Rosemont Mine Project Website

Welcome to the U. S. Institute's Rosemont Mine Project Website!

U.S. INSTITUTE UPDATE January 8th, 2009

The U.S. Institute issued a formal letter to the Forest Service on Janaury 8th, 2009, formally closing the Institute's involvement in the Rosemont Mine project.

Click here to read the letter: Rosemont Closure Letter [35kb PDF, 2 pages]


In October 2008, the U.S. Institute for Environmental Conflict Resolution (U.S. Institute) announced that it would be conducting an assessment to determine whether it would be productive for a working group to analyze public comments that have been received by the U.S. Forest Service in response to the proposed Rosemont Mine in the Santa Rita Mountains, approximately 30 miles southeast of Tucson, Arizona. The U.S. Forest Service, several citizens' groups, and the Council on Environmental Quality had contacted the U.S. Institute about facilitating public dialogues regarding the proposal of the Rosemont Copper Company, a subsidiary of the Augusta Resource Corporation, to develop a copper mine adjacent to public land.

The U.S. Institute is a federal program established in 1998 by the U.S. Congress to assist parties in resolving environmental, natural resource and public land conflicts. Since its creation, the U.S. Institute has been involved in hundreds of environmental matters around the country. The role that the U.S. Institute plays in environmental conflict resolution ranges from undertaking basic diagnostic work (including situation assessments), to facilitating meetings, designing and convening collaborative processes, or assisting parties with mediation or other forms of assisted negotiation. Whatever the role, it is generally the practice of the U.S. Institute to conduct an initial assessment of a situation to determine whether its assistance can make a meaningful contribution to a particular project. If it is determined that the U.S. Institute cannot provide meaningful assistance to a project, it will convey its determination to the interested parties, and often suggest other options for them to pursue.

In terms of the request for assistance regarding the Rosemont Mine decision process, the U.S. Institute conducted an initial assessment to determine if it could work with the public and representatives of interested stakeholder groups to design an independent, transparent process for more effective public participation in the National Environmental Policy Act (NEPA) process. Since NEPA requires federal decision-makers to consider how federal actions may impact the human environment, the ultimate goal was to seek ways to more effectively engage the public in the NEPA process by having a public working group analyze the comments received on the mine proposal. In turn the U.S. Forest Service would use this analysis in considering and addressing concerns expressed in the public comments for the Draft Environmental Impact Study (EIS).

The U.S. Institute contracted the services of a third-party neutral, Carie Fox of Fox Mediation in Portland, Oregon, to undertake the assessment process. Fox served as the lead facilitator and primary contact for interested parties. Larry Fisher, Senior Program Manager at the U.S. Institute provided project management support.

For the past two months, the U.S. Institute and Fox have been meeting with interested parties to determine whether the initial design concept, a stronger integration of public input into the NEPA analysis, would be practicable. A public meeting to discuss initial findings of the assessment was held at Empire High School in Vail on November 13. More than 100 people attended the meeting to discuss Fox's findings and recommendations.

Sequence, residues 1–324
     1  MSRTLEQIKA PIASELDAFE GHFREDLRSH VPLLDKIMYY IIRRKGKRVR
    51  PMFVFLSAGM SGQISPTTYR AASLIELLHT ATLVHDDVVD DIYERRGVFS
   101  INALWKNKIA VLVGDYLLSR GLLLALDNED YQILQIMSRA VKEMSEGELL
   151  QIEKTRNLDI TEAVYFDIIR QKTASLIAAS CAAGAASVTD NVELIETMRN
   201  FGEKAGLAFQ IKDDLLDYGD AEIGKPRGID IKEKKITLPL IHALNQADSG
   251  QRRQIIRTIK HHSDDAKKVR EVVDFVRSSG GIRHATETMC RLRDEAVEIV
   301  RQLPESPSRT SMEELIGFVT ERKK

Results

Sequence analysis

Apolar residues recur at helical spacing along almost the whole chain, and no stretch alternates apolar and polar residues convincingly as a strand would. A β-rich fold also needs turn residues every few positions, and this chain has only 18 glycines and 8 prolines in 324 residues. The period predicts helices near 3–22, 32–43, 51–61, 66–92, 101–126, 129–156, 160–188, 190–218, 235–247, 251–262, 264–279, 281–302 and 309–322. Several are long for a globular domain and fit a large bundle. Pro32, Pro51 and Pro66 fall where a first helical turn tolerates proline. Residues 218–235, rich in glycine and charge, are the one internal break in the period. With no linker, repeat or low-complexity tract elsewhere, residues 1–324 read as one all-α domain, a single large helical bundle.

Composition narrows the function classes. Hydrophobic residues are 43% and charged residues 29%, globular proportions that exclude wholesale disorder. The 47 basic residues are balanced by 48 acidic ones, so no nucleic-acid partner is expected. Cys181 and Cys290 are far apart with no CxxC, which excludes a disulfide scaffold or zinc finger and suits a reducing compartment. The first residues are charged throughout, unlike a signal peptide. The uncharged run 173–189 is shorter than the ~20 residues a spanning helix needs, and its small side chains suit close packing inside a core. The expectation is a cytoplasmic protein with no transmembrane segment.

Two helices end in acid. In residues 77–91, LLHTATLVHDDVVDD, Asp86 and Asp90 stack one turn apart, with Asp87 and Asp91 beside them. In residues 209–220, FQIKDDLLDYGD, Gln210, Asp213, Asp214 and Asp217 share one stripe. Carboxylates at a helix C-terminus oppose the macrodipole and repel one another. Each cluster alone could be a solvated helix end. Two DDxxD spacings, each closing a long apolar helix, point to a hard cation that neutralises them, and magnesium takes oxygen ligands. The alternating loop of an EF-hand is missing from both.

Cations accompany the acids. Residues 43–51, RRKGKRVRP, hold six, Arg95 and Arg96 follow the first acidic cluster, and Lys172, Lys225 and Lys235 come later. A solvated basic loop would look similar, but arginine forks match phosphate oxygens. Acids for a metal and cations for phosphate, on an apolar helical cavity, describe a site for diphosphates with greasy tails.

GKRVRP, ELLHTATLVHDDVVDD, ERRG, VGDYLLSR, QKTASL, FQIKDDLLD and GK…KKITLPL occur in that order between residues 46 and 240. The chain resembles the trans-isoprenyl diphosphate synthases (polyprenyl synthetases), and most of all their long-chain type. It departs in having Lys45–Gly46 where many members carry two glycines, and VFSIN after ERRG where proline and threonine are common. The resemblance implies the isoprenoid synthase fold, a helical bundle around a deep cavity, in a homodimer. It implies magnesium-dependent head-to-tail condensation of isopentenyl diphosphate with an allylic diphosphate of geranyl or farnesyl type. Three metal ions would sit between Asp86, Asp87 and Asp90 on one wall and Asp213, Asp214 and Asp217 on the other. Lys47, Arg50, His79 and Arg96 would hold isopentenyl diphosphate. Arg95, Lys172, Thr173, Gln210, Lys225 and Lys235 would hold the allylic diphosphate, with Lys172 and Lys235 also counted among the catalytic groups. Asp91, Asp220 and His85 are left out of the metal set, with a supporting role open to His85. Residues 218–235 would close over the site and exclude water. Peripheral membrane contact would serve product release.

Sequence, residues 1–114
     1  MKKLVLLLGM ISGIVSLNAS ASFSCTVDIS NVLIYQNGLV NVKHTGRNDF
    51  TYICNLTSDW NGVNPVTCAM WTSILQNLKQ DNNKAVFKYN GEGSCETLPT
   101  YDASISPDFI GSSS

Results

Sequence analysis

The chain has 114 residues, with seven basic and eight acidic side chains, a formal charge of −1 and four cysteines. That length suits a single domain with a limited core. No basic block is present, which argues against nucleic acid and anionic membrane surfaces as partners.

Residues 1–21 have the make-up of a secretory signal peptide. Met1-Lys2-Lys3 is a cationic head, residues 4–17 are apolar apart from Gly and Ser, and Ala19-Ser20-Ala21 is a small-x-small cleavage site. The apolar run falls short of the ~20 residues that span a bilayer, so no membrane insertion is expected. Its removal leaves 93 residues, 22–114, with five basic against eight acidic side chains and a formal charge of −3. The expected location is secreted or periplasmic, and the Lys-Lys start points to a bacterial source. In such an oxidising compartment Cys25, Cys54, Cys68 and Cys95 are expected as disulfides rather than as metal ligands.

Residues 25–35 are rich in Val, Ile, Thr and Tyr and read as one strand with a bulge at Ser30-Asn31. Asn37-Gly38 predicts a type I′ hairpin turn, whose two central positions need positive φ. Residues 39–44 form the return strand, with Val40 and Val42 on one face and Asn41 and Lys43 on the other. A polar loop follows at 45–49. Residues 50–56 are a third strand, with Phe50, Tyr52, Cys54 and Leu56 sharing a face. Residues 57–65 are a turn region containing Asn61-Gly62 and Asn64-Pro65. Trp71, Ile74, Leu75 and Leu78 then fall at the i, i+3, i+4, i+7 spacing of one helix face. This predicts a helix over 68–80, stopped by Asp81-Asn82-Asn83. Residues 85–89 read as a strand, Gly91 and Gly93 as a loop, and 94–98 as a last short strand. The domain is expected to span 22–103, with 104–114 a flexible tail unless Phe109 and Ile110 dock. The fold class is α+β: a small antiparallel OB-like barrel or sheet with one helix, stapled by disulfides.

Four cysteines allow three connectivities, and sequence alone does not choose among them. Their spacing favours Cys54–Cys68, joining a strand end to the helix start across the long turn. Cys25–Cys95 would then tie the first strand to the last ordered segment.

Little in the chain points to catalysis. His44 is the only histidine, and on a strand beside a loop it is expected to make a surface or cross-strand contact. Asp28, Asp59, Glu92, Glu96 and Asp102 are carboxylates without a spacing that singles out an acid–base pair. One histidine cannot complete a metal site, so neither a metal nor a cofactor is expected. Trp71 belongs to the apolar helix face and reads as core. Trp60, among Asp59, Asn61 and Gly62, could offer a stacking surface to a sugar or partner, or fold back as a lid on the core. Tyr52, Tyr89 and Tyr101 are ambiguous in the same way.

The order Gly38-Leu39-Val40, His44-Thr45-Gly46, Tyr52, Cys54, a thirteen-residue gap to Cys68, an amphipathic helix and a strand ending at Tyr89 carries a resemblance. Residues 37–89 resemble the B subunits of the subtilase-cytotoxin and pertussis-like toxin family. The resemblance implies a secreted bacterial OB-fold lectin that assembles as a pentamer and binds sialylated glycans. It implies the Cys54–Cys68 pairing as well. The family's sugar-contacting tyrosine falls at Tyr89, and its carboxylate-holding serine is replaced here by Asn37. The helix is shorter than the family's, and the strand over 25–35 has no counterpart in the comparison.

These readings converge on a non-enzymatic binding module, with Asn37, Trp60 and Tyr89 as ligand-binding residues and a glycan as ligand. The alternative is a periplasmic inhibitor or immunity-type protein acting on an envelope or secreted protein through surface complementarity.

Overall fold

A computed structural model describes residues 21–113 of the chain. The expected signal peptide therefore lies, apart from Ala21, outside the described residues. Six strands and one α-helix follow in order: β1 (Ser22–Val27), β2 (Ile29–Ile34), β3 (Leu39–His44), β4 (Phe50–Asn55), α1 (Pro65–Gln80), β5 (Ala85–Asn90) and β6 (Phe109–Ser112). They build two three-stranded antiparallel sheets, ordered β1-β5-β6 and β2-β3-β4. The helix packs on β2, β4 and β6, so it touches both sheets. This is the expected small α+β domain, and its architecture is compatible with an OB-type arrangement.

In late November, the U.S. Institute and Fox completed their assessment of the feasibility of convening a citizen's working group. On November 26, 2008, the U.S. Institute announced its conclusion that a broadly inclusive collaborative working group would not be a productive means of citizen involvement or an effective vehicle for enhancement of the Forest Service's NEPA analysis. Fisher and Fox concluded that it would be difficult for people to commit to a sustained, objective effort that focuses on the analysis, rather than the outcome, of the NEPA process.

U.S. Institute communicated these conclusions to the U.S. Forest Service, participants and the general public who have been involved in the initial assessment effort. Fox posted a letter here detailing some of the conclusions of the assessment.

In lieu of convening a collaborative working group, the U.S. Institute will continue to work with the public and with the Forest Service to explore other options for promoting meaningful public education and input, and greater transparency for the NEPA process. The U.S. Institute will continue to consult with all affected stakeholders as it considers any possible future role in providing neutral and independent services in support of this effort.

The U.S. Institute is a program of the Tucson-based Morris K. Udall Foundation, an independent agency of the executive branch overseen by a board of trustees appointed by the President. The Morris K. Udall Foundation was established in 1992 by Congress to honor the late Morris K. Udall's thirty years of service in the House of Representatives. For more information about the Udall Foundation, visit

The U.S. Institute serves as an impartial, non-partisan institution providing professional expertise, services and resources to all parties involved in environmental disputes. For more information about the U.S. Institute,

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